In control mice at P3, the dorsal raphe, inferior colliculus, and spinal trigeminal nucleus had the highest levels of 5-HT1A binding (greater than 30 fmol/mg) (Figs 1-3). Intermediate binding, in the range from 20 to 30 fmol/mg, was found in the raphe obscurus and LPGi, and low binding (< 20 fmol/mg) in the remaining sites analyzed, including the cerebellum. Between p3 and P10, in every site measured except the cerebellum, there were significant increases in 5-HT1A-receptor binding (Figs 1, 2). Between P10 and P25, control mice showed region-dependent changes in 5-HT1A–receptor-binding levels (Figs 1, 3). Two sites exhibited further increases in binding, including the interpeduncular nucleus and the dorsal raphe nucleus. In four sites, the inferior colliculus, LPGi, spinal trigeminal nucleus and raphe obscurus, there were decreases in 5-HT1A-receptor binding. These patterns of developmental changes in the control mice for Lmx1bf/f/p were the same in the Pet-1−/− control group (Fig. 4).
Genotype Effects, Lmx1bf/f/p mice
At P3, in comparison to control mice, Lmx1bf/f/p mice showed significantly reduced binding only in two sites, the dorsal raphe nucleus and raphe obscurus (Figs 1-3), that is, major sites of 5-HT source neurons in the brainstem. At P10, 5-HT1A binding was reduced in the dorsal raphe, inferior colliculus and raphe obscurus in mutants compared to their controls (Fig. 3). At P25, the magnitude of the reduction of 5-HT1A binding in the dorsal raphe nucleus and raphe obscurus was severe, with binding in the Lmx1bf/f/p more than two-thirds reduced from control values (Fig. 3). The maintenance of heteroreceptor binding in the quantified areas appeared representative of additional heteroreceptor populations, such as in the nucleus of the solitary tract (Fig. 2).
Genotype effects, Pet-1−/−
In Pet-1−/− mice at P3, the only site with a significant reduction compared to control was in the dorsal raphe nucleus (Fig. 4). At P8, both the dorsal raphe and raphe obscurus, however, demonstrated significant reductions in binding compared to controls. At P25, the additional site of the LPGi in Pet-1−/− mice had significantly less binding then control values (Fig. 4). In comparison to Lmx1bf/f/p mice (Fig. 5), the loss of 5-HT1A binding in the dorsal raphe nucleus and raphe obscurus was comparable at P3 and P8/P10, however, at P25 5-HT1A-binding levels in Pet-1−/− mice were half that seen in their controls, a less severe loss than that seen in Lmx1bf/f/p mice.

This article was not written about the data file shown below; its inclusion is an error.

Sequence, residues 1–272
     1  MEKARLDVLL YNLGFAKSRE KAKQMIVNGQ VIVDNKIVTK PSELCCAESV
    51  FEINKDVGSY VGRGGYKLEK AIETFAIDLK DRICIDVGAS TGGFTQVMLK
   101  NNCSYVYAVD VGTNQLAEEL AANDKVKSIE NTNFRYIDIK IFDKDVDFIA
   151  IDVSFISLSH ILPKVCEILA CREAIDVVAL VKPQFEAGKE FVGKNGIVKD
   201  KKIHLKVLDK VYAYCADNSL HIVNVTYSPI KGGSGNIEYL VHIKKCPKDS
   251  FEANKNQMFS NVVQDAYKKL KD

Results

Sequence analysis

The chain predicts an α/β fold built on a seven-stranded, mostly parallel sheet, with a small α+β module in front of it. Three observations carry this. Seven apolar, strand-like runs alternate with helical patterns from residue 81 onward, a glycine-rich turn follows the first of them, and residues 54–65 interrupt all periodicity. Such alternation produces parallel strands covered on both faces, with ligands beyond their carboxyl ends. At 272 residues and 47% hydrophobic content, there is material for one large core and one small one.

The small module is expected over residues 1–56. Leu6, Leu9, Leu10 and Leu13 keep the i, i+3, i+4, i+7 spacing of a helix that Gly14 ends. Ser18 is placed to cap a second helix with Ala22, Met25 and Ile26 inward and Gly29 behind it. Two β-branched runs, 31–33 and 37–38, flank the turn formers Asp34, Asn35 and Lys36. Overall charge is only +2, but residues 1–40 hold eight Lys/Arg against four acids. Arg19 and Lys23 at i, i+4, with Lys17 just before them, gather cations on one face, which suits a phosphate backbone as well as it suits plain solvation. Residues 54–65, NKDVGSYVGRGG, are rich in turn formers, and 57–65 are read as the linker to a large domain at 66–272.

Previous studies have reported an association between altered brainstem 5-HT neurochemistry and SIDS. Specifically, there is evidence for aberrant 5-HT neuron function including decreases in tryptophan hydroxylase 2 and tissue 5-HT content (Duncan et al. 2010). In addition, there are consistent reports of decreases in 5-HT1A-receptor binding (Paterson et al. 2006; Machaalani et al. 2009; Duncan et al. 2010). This not only involves 5-HT1A autoreceptors but also 5-HT1A heteroreceptors in multiple medullary sites. The question remains as to whether 5-HT1A-heteroreceptor deficits can be explained by a primary dysfunction in 5-HT neurons themselves. In this study, we examined the post-natal development of 5-HT1A receptors in two mouse models with genetically induced deficits in 5-HT neuron function. Our data indicate a decrease in 5-HT1A binding in both mouse strains in areas that are normally enriched with 5-HT neurons (autoreceptors), confirming and extending previous observations to younger ages and medullary sites (Liu et al. 2010; Jacobsen et al. 2011). However, heteroreceptors, or 5-HT1A receptors located in areas containing non-5HT neurons, were largely comparable to control values in the brainstem at all post-natal ages examined.